People, Environment

Tehran’s Poor Air Quality Persists

Tehran’s Poor Air Quality PersistsTehran’s Poor Air Quality Persists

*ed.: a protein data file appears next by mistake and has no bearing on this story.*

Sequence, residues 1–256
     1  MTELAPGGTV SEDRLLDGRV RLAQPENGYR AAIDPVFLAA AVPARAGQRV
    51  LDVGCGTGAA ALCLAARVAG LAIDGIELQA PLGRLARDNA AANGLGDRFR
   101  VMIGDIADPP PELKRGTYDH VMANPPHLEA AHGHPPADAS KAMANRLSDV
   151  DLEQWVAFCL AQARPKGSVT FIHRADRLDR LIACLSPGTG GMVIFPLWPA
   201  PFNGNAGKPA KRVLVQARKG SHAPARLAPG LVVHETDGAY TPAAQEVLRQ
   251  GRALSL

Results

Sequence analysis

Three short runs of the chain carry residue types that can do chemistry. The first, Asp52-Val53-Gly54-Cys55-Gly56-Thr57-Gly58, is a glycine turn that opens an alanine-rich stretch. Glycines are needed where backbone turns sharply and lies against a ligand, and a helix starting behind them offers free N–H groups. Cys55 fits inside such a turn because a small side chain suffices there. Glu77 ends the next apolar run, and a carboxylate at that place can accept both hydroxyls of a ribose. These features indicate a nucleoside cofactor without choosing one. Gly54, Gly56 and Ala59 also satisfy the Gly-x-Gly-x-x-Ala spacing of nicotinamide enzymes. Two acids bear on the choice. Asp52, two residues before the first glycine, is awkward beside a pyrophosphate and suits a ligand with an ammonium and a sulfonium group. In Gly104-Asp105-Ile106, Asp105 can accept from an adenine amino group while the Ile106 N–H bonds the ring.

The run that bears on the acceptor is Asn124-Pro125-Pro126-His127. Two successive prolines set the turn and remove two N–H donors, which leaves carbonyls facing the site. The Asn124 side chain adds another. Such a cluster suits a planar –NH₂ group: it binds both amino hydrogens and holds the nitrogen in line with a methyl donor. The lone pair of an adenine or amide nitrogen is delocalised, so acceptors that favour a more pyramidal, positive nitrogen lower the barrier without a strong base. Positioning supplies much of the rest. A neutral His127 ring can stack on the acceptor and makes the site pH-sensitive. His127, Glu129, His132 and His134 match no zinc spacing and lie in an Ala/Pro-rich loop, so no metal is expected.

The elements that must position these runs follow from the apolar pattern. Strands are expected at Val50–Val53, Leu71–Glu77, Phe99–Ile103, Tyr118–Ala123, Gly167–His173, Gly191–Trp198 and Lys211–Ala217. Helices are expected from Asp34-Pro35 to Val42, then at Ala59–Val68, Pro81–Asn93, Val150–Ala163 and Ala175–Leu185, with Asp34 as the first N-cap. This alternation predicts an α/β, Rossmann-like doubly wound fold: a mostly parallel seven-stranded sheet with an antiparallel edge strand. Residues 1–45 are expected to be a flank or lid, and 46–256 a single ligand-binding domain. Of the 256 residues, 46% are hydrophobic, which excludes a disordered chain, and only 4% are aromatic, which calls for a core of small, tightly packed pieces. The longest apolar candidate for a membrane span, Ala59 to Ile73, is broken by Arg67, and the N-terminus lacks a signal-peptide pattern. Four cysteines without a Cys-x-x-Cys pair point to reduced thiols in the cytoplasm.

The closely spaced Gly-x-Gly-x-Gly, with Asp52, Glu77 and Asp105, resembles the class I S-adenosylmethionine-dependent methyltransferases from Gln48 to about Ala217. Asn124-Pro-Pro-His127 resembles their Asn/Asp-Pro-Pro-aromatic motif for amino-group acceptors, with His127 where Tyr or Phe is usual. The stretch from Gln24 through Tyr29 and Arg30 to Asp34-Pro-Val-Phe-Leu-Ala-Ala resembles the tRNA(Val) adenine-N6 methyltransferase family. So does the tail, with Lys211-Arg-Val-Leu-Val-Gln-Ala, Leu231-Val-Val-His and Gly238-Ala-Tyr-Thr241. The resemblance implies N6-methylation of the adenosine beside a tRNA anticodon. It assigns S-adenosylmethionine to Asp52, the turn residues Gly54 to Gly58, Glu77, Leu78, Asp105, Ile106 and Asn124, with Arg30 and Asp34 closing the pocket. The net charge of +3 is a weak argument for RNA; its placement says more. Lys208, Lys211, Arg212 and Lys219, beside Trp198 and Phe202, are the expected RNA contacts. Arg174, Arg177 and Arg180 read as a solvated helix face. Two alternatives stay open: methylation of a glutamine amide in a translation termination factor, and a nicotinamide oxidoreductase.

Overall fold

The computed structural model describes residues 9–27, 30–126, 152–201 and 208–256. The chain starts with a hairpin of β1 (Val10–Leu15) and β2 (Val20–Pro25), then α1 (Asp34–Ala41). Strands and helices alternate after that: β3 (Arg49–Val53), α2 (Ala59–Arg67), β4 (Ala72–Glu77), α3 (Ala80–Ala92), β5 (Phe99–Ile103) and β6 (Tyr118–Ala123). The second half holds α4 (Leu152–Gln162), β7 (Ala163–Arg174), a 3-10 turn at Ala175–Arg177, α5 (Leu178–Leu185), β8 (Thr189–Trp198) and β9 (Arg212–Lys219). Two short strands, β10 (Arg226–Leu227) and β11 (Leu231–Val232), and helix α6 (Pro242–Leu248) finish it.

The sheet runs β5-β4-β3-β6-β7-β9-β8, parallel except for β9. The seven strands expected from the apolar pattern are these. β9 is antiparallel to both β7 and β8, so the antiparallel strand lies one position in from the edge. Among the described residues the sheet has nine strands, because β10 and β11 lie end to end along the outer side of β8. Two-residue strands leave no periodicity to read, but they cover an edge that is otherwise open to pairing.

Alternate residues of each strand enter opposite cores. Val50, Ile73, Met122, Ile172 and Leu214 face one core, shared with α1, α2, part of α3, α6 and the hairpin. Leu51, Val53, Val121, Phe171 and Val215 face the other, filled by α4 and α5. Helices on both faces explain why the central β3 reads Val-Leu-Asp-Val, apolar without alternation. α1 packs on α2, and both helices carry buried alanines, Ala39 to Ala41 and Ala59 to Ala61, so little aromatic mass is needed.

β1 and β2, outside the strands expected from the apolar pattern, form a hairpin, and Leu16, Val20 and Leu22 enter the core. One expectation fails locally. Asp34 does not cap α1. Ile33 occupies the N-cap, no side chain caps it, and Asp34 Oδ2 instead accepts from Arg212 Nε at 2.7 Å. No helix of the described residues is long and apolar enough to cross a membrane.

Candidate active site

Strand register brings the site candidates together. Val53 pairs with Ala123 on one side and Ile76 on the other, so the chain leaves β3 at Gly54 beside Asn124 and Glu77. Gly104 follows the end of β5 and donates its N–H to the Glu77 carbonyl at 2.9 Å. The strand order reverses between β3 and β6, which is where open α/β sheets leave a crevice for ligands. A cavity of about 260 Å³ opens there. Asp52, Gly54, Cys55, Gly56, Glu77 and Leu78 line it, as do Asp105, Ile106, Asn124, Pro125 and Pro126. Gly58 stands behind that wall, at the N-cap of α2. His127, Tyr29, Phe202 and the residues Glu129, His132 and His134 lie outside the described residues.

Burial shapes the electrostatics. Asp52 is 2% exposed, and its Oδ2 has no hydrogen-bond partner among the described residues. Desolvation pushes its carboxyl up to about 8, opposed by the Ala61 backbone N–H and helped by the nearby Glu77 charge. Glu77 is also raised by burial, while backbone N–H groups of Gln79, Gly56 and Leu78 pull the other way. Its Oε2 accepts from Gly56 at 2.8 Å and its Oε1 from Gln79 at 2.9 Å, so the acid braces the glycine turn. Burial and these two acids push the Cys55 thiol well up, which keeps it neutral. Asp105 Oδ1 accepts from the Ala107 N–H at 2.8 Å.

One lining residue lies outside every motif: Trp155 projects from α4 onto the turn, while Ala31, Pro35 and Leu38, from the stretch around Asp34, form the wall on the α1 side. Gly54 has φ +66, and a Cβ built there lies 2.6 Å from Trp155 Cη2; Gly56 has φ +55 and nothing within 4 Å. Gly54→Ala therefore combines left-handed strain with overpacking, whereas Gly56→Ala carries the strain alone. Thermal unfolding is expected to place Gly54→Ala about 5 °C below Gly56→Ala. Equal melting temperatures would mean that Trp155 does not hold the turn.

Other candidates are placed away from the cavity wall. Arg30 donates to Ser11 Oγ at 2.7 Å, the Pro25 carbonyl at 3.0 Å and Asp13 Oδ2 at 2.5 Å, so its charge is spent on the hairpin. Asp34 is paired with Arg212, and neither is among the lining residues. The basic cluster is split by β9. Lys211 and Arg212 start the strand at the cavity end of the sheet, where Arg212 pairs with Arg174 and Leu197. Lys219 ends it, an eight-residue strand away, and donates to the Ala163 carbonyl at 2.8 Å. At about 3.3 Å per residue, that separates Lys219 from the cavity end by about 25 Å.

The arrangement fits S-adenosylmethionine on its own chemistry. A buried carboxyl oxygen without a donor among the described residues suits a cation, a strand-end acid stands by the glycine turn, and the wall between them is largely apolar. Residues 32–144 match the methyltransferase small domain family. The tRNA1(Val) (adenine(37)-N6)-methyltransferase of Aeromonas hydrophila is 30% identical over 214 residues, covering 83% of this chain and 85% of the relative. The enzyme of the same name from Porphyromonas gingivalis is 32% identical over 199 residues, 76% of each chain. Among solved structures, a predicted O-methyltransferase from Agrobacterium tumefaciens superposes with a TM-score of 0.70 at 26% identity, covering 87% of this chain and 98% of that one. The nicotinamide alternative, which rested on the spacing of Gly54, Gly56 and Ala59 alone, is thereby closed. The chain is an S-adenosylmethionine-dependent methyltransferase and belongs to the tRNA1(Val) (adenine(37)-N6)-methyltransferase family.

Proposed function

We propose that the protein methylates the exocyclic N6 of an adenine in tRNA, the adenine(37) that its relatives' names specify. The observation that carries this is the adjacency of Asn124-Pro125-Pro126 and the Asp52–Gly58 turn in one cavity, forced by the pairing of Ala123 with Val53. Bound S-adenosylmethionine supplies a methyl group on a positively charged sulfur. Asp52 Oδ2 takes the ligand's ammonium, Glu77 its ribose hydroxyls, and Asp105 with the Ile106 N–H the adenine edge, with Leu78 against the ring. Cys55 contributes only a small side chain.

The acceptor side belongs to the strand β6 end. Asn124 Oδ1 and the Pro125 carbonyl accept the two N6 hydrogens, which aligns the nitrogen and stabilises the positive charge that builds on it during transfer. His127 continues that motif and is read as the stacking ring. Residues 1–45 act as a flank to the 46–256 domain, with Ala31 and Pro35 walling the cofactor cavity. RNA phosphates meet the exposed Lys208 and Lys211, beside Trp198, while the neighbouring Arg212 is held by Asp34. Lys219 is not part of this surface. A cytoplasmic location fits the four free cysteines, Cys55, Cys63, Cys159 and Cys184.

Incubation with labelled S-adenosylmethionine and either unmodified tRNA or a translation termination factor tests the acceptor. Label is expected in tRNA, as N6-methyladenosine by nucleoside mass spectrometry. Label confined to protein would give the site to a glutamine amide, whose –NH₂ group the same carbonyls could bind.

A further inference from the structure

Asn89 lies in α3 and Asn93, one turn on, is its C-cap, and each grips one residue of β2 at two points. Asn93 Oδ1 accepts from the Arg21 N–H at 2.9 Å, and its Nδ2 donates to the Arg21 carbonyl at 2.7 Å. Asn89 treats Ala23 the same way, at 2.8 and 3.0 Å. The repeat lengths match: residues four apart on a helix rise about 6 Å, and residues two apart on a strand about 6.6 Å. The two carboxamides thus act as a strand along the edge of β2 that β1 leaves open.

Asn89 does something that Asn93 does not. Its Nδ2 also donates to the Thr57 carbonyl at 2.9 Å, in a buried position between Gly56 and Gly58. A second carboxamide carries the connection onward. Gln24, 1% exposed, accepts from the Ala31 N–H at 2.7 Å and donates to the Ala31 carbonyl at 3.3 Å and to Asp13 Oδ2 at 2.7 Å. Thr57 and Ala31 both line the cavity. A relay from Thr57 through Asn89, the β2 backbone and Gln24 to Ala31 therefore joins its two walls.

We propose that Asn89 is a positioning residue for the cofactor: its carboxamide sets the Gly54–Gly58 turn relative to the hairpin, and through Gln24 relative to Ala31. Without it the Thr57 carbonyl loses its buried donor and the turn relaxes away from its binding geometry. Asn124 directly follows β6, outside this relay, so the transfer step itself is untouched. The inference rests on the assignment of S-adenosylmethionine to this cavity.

Tehran’s air quality index was 127 on Wednesday, leading to health warnings that sensitive groups, especially children, the elderly, pregnant women and people suffering from cardiovascular and respiratory diseases, remain indoors. According to data available on Tehran Air Quality Control Company’s website, the metropolis’ AQI was only one point above Tuesday’s 126, which is curious because not only was Tuesday a public holiday, but major streets in central Tehran were closed to traffic as hundreds of thousands participated in the funeral of the late beloved president, Ayatollah Akbar Hashemi Rafsanjani, who died of a heart attack on Sunday at 82. The company has predicted another polluted day for the sprawling capital on Thursday. Every year with the drop in temperature in winter, a phenomenon known as temperature inversion occurs during which cold air underpins warm air at higher altitude, leading to the entrapment of air pollutants in the city, which causes heavy smog.


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